• I've lauded's video library before, but they've changed it a bit and added a feature that lets you look at the best videos from any year since 1981. So, tonight, we go back to 1994 when I graduated high school. I have a story about this song. After Dr. Dre released his second solo album, 2001, he put together the Up in Smoke Tour, featuring himself, Snoop, Eminem, Ice Cube, and, among others, Warren G. Warren G played towards the beginning of the show and when we saw it at the then-MCI Center, Nate Dogg wasn't there. Warren came out, the beat to this song started, and he started rapping. When they got to the Nate Dogg parts, he got the crowd to sing them. It was pathetic. No energy, he looked sad on the stage by himself. Huge disappointment. The headline act was, of course, Dre and Snoop together. They came out and started doing "The Next Episode", which features Nate. They get to his part and all of the sudden the beat stopped and all of the lights went out. One spotlight hit the stage, illuminating a man, standing by himself, in a bowler hat. The crowd exploded. Nate sang his part, leading into a memorable set. One of my favorite concert moments ever. I don't know if he was just late or if he punked Warren G, but it's never quite made sense to me. Hopefully, they all partied together later at the East Side Motel.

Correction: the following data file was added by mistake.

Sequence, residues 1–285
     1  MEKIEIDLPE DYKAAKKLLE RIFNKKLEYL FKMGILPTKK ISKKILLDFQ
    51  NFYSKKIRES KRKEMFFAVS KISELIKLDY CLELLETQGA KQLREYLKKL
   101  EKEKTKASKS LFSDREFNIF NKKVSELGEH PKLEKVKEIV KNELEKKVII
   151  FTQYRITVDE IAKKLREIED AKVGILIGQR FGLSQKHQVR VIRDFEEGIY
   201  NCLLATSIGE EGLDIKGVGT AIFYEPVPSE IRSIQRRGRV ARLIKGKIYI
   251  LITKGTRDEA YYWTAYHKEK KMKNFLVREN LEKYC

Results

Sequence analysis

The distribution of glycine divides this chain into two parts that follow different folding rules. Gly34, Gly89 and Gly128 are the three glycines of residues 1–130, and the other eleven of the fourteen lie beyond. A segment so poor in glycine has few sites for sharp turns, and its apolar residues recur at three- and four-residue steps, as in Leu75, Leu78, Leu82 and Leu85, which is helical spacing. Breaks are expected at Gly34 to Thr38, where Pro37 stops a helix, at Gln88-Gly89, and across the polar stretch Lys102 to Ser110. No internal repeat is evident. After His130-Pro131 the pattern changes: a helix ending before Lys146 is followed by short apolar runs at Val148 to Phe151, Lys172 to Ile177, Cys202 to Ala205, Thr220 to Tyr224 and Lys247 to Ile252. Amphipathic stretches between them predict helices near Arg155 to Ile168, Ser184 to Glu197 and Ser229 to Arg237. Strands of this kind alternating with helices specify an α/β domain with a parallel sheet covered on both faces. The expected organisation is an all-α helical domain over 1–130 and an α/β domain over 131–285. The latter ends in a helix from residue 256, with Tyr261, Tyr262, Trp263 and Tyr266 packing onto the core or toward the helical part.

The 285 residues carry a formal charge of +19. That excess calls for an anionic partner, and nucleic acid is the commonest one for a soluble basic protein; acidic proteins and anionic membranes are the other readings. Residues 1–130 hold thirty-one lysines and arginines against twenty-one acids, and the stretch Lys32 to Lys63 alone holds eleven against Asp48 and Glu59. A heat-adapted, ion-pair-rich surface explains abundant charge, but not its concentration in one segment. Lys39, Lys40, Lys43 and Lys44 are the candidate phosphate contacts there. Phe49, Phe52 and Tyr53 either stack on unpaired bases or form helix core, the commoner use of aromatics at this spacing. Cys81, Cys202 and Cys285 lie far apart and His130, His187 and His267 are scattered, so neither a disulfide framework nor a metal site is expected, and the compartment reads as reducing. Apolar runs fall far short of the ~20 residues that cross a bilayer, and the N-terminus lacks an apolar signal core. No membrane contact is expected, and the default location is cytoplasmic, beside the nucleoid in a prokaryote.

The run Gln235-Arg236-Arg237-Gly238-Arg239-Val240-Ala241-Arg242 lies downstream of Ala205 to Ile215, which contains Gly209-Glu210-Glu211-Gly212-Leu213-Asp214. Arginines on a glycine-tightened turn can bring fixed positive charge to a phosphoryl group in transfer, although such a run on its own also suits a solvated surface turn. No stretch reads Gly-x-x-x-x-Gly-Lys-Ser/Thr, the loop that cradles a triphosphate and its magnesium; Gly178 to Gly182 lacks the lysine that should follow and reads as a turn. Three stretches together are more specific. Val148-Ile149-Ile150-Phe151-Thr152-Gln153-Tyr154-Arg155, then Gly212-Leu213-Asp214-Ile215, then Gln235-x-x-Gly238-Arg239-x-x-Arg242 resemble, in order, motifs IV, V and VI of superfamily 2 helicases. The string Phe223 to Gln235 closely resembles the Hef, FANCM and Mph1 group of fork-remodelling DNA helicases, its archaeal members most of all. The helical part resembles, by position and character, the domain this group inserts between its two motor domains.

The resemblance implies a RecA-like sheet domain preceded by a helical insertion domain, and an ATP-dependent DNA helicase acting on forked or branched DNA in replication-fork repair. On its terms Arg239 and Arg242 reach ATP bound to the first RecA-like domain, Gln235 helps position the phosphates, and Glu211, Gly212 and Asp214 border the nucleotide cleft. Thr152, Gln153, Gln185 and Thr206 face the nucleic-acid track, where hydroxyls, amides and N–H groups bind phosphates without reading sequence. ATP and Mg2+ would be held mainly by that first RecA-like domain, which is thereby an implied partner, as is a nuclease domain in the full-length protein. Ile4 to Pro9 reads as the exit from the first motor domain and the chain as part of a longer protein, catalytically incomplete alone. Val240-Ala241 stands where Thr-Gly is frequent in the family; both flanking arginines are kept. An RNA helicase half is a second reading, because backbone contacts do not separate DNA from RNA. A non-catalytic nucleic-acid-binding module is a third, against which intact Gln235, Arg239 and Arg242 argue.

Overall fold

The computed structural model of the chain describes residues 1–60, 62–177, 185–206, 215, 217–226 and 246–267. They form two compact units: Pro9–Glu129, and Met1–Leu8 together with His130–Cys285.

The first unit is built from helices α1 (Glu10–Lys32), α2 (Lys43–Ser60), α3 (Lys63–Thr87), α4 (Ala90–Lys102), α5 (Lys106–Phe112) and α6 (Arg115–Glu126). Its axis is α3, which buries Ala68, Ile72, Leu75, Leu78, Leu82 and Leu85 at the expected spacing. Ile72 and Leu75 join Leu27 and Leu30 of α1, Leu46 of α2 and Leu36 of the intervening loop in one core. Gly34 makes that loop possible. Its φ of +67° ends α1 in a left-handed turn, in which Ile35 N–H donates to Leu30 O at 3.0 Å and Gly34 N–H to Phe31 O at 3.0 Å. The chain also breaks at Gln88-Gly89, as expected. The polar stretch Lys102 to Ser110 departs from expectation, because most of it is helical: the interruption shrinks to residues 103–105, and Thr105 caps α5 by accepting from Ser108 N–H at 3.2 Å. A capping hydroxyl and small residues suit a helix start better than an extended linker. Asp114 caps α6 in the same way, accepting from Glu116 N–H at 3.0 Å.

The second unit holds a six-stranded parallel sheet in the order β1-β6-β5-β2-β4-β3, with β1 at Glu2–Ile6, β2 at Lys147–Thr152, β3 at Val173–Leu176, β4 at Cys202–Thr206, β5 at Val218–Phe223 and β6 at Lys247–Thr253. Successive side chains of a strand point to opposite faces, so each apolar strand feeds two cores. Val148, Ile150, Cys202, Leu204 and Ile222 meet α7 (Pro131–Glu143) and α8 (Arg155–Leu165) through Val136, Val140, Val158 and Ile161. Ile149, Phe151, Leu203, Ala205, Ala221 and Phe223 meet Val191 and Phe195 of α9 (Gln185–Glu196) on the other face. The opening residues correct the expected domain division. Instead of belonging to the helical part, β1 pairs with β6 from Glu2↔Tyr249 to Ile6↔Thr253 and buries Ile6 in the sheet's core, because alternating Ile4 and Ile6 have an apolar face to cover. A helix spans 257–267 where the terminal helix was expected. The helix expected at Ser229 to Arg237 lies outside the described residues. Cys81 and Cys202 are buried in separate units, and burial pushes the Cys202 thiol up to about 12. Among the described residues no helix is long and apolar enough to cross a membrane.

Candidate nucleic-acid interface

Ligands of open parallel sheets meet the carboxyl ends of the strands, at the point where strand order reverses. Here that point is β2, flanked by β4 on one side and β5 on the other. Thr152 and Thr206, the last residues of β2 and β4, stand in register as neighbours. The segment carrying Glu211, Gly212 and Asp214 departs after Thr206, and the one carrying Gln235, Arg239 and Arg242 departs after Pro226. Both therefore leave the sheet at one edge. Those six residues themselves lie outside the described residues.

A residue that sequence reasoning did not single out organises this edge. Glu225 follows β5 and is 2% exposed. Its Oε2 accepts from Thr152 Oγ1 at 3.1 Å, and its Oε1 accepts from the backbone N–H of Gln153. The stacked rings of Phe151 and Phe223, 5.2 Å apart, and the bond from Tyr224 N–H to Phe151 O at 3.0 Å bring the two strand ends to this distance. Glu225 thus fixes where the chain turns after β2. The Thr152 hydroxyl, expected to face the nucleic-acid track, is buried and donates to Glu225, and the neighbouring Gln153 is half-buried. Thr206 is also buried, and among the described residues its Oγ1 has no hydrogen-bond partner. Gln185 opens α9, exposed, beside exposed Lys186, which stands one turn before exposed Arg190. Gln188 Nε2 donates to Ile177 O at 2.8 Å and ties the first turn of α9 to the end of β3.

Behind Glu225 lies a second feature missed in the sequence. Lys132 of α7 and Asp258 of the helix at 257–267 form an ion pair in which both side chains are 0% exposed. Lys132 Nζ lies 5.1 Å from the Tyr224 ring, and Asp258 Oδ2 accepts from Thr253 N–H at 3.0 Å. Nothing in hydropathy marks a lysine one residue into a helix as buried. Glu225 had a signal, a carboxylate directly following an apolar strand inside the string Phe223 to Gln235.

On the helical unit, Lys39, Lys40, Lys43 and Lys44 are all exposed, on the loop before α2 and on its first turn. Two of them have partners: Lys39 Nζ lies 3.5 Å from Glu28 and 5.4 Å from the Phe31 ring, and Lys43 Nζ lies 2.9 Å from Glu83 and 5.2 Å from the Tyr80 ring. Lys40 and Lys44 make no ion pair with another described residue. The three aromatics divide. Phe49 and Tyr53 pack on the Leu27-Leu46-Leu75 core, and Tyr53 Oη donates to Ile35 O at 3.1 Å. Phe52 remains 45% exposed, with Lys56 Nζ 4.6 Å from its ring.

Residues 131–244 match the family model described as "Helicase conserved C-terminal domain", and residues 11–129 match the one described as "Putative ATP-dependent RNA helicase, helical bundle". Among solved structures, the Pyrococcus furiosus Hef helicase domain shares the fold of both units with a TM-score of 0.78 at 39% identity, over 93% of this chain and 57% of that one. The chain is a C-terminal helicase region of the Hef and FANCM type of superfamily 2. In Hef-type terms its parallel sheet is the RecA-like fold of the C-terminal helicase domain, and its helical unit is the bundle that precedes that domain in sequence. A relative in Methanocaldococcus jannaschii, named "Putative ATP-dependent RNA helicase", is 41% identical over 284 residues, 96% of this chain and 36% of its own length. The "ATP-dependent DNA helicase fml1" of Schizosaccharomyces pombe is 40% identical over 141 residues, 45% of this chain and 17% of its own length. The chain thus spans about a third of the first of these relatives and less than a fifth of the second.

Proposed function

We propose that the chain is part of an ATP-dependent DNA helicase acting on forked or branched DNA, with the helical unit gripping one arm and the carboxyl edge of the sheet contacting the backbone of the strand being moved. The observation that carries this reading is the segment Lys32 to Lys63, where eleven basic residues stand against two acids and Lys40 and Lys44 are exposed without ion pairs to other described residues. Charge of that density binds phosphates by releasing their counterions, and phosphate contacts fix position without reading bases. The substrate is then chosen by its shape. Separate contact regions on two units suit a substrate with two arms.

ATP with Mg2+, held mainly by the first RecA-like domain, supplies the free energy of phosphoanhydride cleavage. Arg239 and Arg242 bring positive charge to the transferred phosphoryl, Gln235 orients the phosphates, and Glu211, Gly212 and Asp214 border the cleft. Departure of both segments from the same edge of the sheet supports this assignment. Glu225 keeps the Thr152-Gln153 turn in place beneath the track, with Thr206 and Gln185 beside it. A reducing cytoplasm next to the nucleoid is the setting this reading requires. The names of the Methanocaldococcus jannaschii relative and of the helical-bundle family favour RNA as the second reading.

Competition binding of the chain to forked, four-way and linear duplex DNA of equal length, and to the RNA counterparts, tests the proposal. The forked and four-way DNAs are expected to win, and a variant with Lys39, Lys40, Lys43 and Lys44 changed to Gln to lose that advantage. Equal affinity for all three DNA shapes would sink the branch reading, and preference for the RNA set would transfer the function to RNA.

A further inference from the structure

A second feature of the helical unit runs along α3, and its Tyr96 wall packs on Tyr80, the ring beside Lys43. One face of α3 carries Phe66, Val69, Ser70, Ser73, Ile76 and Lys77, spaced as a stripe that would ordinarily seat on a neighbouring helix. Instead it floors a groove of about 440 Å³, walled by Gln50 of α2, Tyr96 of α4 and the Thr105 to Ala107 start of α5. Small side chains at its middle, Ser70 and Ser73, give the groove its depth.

Tuesday, August 25, 2009

Kentucky Fried Garbage

  • The Monologue:
    • I just found out that Isiah Thomas will be coaching Florida International University this season. Has a college coach ever driven his school into bankruptcy? It's going to happen.